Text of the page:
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The Warsaw Voice » Other » July 1, 2009
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Modifying Flax
July 1, 2009   
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The process begins with germinating ordinary flaxseeds. When green shoots are sent out, the places where the root turns into the stem (hypocotyl) get artificially infected with bacteria carrying DNA chains with new genes that encode three enzymes to initiate the synthesis of polyhydroxybutyrates. The compounds are prepared so as to reach maximum activity in the process.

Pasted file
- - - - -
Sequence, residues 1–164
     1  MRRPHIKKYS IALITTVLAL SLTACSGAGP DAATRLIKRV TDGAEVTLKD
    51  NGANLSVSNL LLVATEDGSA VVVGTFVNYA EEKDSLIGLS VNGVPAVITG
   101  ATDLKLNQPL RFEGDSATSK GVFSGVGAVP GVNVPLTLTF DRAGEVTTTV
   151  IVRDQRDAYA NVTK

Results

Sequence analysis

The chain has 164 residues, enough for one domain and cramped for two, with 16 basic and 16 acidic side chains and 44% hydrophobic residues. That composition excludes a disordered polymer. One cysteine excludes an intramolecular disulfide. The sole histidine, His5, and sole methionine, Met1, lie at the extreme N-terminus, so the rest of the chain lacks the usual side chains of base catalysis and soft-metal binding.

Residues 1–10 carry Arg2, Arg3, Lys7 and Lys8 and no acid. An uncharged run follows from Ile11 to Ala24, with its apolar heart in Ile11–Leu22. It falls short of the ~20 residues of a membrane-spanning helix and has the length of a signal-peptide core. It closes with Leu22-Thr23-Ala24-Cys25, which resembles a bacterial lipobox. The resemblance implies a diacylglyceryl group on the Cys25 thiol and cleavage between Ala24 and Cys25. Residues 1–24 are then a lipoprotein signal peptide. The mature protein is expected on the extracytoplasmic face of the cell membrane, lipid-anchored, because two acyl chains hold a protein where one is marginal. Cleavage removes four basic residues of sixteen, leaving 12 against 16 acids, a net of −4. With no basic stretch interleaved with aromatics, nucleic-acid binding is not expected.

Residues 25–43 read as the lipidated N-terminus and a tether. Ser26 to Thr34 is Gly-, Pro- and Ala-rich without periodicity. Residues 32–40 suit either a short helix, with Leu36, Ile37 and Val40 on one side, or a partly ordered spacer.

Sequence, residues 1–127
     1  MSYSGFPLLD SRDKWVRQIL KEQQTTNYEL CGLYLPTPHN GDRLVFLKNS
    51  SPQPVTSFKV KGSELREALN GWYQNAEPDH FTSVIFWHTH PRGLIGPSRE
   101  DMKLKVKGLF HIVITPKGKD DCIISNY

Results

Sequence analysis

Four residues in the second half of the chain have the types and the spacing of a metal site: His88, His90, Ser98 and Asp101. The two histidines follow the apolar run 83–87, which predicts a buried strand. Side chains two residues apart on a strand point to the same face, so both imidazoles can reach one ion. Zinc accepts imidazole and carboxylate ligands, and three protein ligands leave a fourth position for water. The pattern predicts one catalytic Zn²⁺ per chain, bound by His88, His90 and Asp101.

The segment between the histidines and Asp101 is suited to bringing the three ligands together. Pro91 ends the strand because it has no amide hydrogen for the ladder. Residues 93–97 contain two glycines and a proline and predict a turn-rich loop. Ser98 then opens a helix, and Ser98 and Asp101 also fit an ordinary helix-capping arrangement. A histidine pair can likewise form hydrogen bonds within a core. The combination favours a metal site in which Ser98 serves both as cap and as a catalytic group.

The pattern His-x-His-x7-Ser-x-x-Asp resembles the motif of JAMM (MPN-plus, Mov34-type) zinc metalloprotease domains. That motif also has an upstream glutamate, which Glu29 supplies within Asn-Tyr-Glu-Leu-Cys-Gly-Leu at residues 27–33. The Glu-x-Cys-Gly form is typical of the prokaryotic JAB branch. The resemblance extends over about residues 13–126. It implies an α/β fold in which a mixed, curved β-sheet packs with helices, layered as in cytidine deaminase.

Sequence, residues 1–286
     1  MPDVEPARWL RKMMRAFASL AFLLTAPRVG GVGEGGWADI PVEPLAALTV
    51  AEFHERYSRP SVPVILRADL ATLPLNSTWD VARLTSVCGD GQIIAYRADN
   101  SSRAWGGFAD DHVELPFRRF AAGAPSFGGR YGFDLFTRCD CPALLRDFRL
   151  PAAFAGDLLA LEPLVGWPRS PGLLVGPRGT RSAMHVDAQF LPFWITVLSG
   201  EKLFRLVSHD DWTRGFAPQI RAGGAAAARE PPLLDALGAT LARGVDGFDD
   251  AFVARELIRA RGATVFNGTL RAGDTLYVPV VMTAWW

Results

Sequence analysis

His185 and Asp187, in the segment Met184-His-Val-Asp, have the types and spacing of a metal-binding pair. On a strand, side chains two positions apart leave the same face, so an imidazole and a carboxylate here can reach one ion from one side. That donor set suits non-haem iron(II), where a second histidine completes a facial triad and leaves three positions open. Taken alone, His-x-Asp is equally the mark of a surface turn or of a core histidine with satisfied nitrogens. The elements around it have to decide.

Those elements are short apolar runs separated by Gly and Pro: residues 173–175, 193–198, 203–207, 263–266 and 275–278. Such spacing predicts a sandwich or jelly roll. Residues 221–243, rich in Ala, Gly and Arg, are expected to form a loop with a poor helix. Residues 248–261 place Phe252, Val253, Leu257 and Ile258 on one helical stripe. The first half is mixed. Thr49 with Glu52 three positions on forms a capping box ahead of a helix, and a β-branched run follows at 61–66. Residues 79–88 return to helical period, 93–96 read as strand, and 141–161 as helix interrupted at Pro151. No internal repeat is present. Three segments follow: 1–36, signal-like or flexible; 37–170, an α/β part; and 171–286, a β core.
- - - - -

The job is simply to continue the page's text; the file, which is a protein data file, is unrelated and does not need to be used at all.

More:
The infected plant sections are forced to intensively form new, undifferentiated cells and then undergo a growth process through which the cells begin to differ. The result are new plants, each obtained from a single cell. The plants are then sorted according to the amount of the new gene, and the strongest ones, with the new feature pronounced the most prominently, are picked for further cultivation.

The polymer is synthesized by specialized cell parts in the stem only, and the synthesis does not disturb the plants' normal growth. The new element, which does not exist in normal cells, is biodegradable. Under laboratory conditions, transgenic plants with the new genetic code grow in phytotrons that provide a stable nutrient medium with optimal light, humidity and temperature until the plants can be transplanted to natural conditions, such as a greenhouse or a field. When the plants adapt to the new environment, they start to produce seeds ready to be sown into the ground.
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